It is up to African countries to make up the numbers. While encouraging noises have been heard from Sierra Leone and Djibouti with regards to deployments (the former have promised a battalion by April next year while the latter have also declared their intentions to send troops), nothing in this regard has been heard from the Kenyans. Yet with one of the more advanced and better equipped militaries in the region and the strongest economy to boot, Kenya would be a valuable addition to AMISOM.

The fact is, whether it likes it or not, the Kenyan military is likely to be increasingly drawn into a confrontation with the extremists on its North-Eastern frontier. The question is whether this will take the form of a unilateral, protracted, low-level conflict on the border or whether Kenya will join the AU forces in Mogadishu working for a holistic solution. In the final analysis, a strong Somali state, able to enforce its writ across the whole of the country’s territory, would be a boon to the fight against piracy, terrorism and radicalisation within the region as well as a reliable partner in combating cross-border crime.

In conclusion, just as the fight against piracy cannot be resolved by policing the high seas, so the pacification of the North Eastern border is not to be achieved through creation of buffer entities along the border or declarations of war against small gangs of bandits intent on kidnapping elderly, disabled pensioners in speedboats. The real and lasting solution lies in the pacification of Somalia through support for the peace and reconciliation process and the reconstitution of an effective, representative and democratic administration in Mogadishu. The participation of Kenya in this endeavour, utilising its considerable diplomatic, economic and, yes, military muscle, will not only expedite this outcome, but also ensure that its economic interests as well as the safety of its tourists are secured in the long term.

Tuesday, September 27, 2011

The King is Dead; Long Live The King

Contrary to what the African Union would have you believe, it would be fair to say that most people on the continent, including many potentates, were probably glad to see the back of the self-styled King of Kings. By the time of his ouster, Col. Muammar Gaddafi had become something of a sick joke –a veritable madman with grandiose visions of a United States of Africa and himself as its Leader, who had stoked murderous wars and insurrections across the continent. However, following a spate of racially-inspired atrocities committed by rebel forces in the wake of his being deposed, for many of Libya’s black residents, it seems to be a case of: “The King is Dead. Long Live the King!”

The Gaddafi days were hardly a bed of roses for darkies. According to an October 2000 article published in The Economist at the height of another pogrom targeting sub-Saharan immigrants, Libya has had a long history of racism: “Libyans were slave-trading until the 1930s and, under Italian colonial rule, they saw themselves as Mediterranean, calling Africans chocalatinos.”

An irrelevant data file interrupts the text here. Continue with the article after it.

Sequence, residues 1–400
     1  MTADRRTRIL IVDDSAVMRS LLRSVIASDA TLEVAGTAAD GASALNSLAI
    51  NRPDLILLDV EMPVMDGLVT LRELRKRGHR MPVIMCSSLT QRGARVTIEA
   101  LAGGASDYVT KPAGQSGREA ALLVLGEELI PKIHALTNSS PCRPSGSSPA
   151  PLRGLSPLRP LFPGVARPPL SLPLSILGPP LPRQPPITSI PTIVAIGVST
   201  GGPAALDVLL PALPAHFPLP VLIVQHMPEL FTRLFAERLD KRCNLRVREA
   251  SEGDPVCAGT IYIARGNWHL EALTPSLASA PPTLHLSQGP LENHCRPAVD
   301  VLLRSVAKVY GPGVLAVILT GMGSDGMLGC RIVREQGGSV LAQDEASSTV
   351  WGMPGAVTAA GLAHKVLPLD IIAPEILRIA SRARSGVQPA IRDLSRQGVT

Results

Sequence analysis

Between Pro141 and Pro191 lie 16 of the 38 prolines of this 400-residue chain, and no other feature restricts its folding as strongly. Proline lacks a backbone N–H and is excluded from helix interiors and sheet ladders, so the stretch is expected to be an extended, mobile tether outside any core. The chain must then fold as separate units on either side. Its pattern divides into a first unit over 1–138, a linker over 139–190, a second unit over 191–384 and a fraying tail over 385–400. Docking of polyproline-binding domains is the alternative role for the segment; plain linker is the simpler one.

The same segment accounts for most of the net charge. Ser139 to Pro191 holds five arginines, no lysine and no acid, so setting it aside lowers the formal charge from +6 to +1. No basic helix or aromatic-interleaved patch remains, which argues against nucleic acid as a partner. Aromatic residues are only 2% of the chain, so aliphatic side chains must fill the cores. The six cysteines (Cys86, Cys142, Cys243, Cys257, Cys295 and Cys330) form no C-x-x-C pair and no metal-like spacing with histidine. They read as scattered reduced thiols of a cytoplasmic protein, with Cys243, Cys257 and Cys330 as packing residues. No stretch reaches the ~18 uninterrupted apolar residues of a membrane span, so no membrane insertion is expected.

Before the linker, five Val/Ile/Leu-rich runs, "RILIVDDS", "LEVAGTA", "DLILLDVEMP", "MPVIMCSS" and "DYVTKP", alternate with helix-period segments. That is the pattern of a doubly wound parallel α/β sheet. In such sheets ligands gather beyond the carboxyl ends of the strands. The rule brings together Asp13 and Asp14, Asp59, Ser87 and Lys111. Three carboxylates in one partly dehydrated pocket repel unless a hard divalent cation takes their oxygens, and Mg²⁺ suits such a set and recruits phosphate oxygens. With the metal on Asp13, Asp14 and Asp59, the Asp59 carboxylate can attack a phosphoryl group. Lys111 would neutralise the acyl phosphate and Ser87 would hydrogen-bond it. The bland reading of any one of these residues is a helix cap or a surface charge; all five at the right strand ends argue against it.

Despite the rhetoric of pan-Africanism, Libya under Gaddafi remained a staunchly Meditteranean country. Despite indigenous blacks forming 20% of the population, a majority resented his overtures to their southern neighbours, preferring instead to break bread with the Arabs of the Middle East. Being one of the richest on the continent with the 10th-largest proven oil reserves of any country in the world and the 17th-highest petroleum production, they wanted to live in a better neighbourhood.

Unfortunately, Gaddafi had other ideas which would involve the use of millions of dollars of Libyan wealth to curry African favour, including bankrolling the AU itself as well as several armed rebellions and buying himself a Legion. As a result, though in 2009 the country had the fourth highest GDP per capita on the continent, 20.7 percent of her population was unemployed, according to the Oea newspaper, which used to be widely seen as the most influential newspaper in Libya because of its close links to Gaddafi’s youngest son and fellow ICC indictee, Saif al Islam. In more than 16 percent of families, not a single member was earning a stable income.

Faced with such dire straits at home, it is understandable that Gaddafi’s profligacy abroad would rankle and the hundreds of thousands of job-seeking immigrants from the south who flooded into Libya at his invitation would be far from welcome. According to Hein de Haas, a Senior Research Officer at the International Migration Institute of the Department of International Development and the University of Oxford, “since the 1990s, Gaddafi ha[d] actively stimulated immigration from sub-Saharan countries such as Chad and Niger as part of his ‘pan-African’ policies. These immigrants from extremely poor countries were easier to exploit [read cheaper] than Arab workers. From 2000 onwards, violent clashes between Libyans and African workers led to the street killings of dozens of sub-Saharan migrants, who were routinely blamed for rising crime, disease and social tensions.”

In the paper The Myth of Invasion, Haas elaborates on Gaddafi’s motivations. In 1992, the UN Security Council’s imposed an air and arms embargo on Libya after the regime refused to hand over two intelligence agents accused of carrying out the Lockerbie bombing. Feeling abandoned by fellow Arab nations, Gaddafi “embarked upon a radical reorientation of Libyan foreign policy, in which he positioned himself as an African leader.” In a bid to get around the air travel bans and the subsequent international isolation, he opened his land borders to Sudanese, Chadians and Nigeriens, offering them the opportunity to work in Libya “in the spirit of pan-African solidarity.” What was traditionally a destination for Egyptian and Tunisian migrants, now became a major destination for sub-Saharan workers. By 2000 they numbered over a million or nearly a fifth of the total population. And as tensions rose, black-bashing has become a popular afternoon sport for Libya’s unemployed youths. The feared security agencies did little to stop them.